Friday, January 1, 2016

The Rogue Not Taken (Scandal & Scoundrel #1) by Sarah MacLean

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Scandal & Scoundrel #1
Sarah MacLean
Releasing December 29th, 2015
Avon Books

Lady Sophie’s Society Splash

When Sophie, the least interesting of the Talbot sisters, lands her philandering brother-in-law backside-first in a goldfish pond in front of all society, she becomes the target of very public aristocratic scorn. Her only choice is to flee London, vowing to start a new life far from the aristocracy. Unfortunately, the carriage in which she stows away isn’t saving her from ruin . . . it’s filled with it.

Rogue’s Reign of Ravishment!

Kingscote, “King,” the Marquess of Eversley, has never met a woman he couldn’t charm, resulting in a reputation far worse than the truth, a general sense that he’s more pretty face than proper gentleman, and an irate summons home to the Scottish border. When King discovers stowaway Sophie, however, the journey becomes anything but boring.

War? Or More?

He thinks she’s trying to trick him into marriage. She wouldn’t have him if he were the last man on earth. But carriages bring close quarters, dark secrets, and unbearable temptation, making opposites altogether too attractive . . .

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I am a huge fan of Sarah MacLean and I couldn't resist reading this book. When I got an ARC I almost died from the happiness of having a copy. Due to my other book responsibilities I began the book later than I imagined and that resulted in me trying to read this before the release date in order to have my review up and because I haven't read a book by the author that has disappointed me yet. I got excited by reading the blurb for Christ sake. I hadn't felt that in a long while and one late night I began reading this book. To be honest, I kept reading the book even after I realized that my brain had stopped functioning properly because I wanted to read more about King and Sophie. I am sure I missed some parts of this book and I am not happy with that, but even with my eyes half closed I needed to read this book.

I don't know what happened to Sophie's sisters, but I am hoping that we will find out in the later books. I am not the biggest fan of them, but I started to like them in the end. I was happy to see that the stories of some of the secondary characters have ended in a positive way. Their chapters ended, I believe, but there is hope for a novella about Mary. I would like to see her again.

You might not know this, but Sarah MacLean has based this novel on modern things like US Weekly, People Magazine,, or that sidebar of "news" on your Facebook page and Beyonce, the Kardashians or the Middleton Sisters. I know that this seems weird, but it was fused into the book in a way that you wouldn't realize it if somebody hadn't told you. I hadn't raced it until I read the author's review of her book on GoodReads.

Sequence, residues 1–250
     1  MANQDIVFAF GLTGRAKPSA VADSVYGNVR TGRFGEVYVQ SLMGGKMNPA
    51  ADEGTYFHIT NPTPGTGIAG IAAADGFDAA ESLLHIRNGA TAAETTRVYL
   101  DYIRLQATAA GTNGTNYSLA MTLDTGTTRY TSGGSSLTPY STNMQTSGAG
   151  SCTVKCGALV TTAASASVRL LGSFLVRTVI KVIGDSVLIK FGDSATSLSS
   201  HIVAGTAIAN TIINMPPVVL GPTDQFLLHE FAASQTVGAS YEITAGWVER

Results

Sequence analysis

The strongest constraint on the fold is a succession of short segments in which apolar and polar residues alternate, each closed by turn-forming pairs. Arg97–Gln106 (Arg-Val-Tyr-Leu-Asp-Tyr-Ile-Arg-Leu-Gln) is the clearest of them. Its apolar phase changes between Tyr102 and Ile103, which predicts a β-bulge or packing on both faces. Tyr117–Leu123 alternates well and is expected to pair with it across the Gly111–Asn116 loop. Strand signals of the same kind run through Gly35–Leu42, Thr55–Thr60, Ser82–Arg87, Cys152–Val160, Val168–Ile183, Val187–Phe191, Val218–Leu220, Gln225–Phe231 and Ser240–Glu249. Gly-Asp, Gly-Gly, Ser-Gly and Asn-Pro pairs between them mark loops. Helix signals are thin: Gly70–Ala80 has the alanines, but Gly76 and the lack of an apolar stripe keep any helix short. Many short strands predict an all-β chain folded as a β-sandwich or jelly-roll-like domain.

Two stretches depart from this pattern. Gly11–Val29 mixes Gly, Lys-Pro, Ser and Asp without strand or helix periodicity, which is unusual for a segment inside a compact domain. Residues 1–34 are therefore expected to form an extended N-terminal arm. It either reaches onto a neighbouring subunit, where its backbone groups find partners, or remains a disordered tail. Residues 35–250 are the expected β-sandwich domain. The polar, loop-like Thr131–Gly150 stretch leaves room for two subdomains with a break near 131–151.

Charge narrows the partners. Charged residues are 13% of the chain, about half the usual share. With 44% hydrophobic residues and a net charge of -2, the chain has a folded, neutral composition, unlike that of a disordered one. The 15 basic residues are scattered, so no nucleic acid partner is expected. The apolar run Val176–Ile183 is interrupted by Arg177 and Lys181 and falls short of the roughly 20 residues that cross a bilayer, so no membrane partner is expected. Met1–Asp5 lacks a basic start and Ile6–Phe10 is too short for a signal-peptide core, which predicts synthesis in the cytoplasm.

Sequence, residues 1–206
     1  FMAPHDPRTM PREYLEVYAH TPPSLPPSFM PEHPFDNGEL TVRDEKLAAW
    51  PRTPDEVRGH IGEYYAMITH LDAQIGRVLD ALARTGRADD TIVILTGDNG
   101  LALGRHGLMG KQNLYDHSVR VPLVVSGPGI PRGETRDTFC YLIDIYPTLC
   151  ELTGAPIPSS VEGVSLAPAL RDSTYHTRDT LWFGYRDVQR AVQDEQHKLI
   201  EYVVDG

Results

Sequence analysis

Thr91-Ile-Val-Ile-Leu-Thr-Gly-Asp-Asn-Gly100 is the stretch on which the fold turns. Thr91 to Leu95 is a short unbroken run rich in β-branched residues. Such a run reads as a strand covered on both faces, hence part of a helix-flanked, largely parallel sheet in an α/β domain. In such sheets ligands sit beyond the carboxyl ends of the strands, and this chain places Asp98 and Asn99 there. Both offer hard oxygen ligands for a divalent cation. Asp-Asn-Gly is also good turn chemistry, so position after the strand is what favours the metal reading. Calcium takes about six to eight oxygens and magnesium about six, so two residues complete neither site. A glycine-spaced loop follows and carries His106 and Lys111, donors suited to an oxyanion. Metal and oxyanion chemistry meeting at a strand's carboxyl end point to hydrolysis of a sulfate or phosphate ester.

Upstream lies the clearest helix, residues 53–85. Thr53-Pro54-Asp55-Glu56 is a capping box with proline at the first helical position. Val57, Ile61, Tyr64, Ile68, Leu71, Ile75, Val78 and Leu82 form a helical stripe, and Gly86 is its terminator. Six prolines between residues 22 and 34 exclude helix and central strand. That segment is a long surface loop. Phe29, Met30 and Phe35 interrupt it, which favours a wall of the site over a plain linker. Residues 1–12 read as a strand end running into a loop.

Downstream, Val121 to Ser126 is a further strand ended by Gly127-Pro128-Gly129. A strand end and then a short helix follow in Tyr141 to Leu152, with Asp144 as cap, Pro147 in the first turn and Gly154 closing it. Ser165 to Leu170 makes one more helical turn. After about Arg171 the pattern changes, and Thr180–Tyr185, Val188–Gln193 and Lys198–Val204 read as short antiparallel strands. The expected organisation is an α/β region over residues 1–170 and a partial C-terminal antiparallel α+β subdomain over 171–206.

The rogue not taken has everything that I want in a romance novel. It has adventure, romance, angst, chemistry between the two main characters and an actual plot that leaves you wanting more. It also has one thing that I need in most books that I read. An epilogue. And what an epilogue it was! I finished the book with happy tears in my eyes. The epilogue was short, but it contained so much happiness and it gave me the satisfaction I expected. It was a great way to end the book and now I am expecting the second book in the series for more than one reason, but mostly because I am hoping that I will see Sophie and King living their happy ending.

(Being shot on the Great North Road isn't exactly a thing people expect to happen, and Lady Sophie Talbot finds herself in the rooms above The Warbling Wren pub, under the welcome care of a rather mad doctor and the watchful eye of the rather infuriating (and infuriatingly handsome) Kingscote, Marquess of Eversley. There are worse things, she supposes. Or are there? Not for King.)


“If you want a bath, you’ll have to accept my help,” he said.

She pursed her lips at that, her gaze settling longingly on the steaming bath. “You mustn’t look.”

“I wouldn’t dream of it.” It might have been the most obvious lie he’d ever told.

Somehow, she believed it, nodding and throwing back the coverlet to step out of the bed. She came to her feet, the top of her head at his chin, and he resisted the urge to help her across the room. “How do you feel?” he asked, hearing the gravel in his words. He cleared his throat.

“As though I’ve been shot, I’d imagine.”

He raised a brow. “Clever. There's food when you’ve bathed." The words summoned a low growl from her, and her hands flew to her stomach. Her cheeks turned red, and he smiled. “I take it you are hungry.”

“It seems so,” she said.

“Food after the bath. And then sleep.”

She met his gaze. “You’re very domineering.”

“It’s a particular talent.”

“What with you being called King.”

“Name is destiny.”

She moved past him to the high copper bathtub. He resumed his place against the wall, arms crossed, watching her carefully as she reached down, her long fingers trailing in the hot water as she sighed her anticipation. The sound was like gunfire in the room—pure, unadulterated pleasure. It was delicious.

King stiffened. He was not interested in the lady’s pleasure.

If only someone would tell his body that.

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Sarah MacLean grew up in Rhode Island, obsessed with historical romance and bemoaning the fact that she was born far too late for her own season. Her love of all things historical helped to earn her degrees from Smith College and Harvard University before she finally set pen to paper and wrote her first book.

Sarah now lives in New York City with her husband, baby daughter, their dog, and a ridiculously large collection of romance novels. She loves to hear from readers. Please visit her at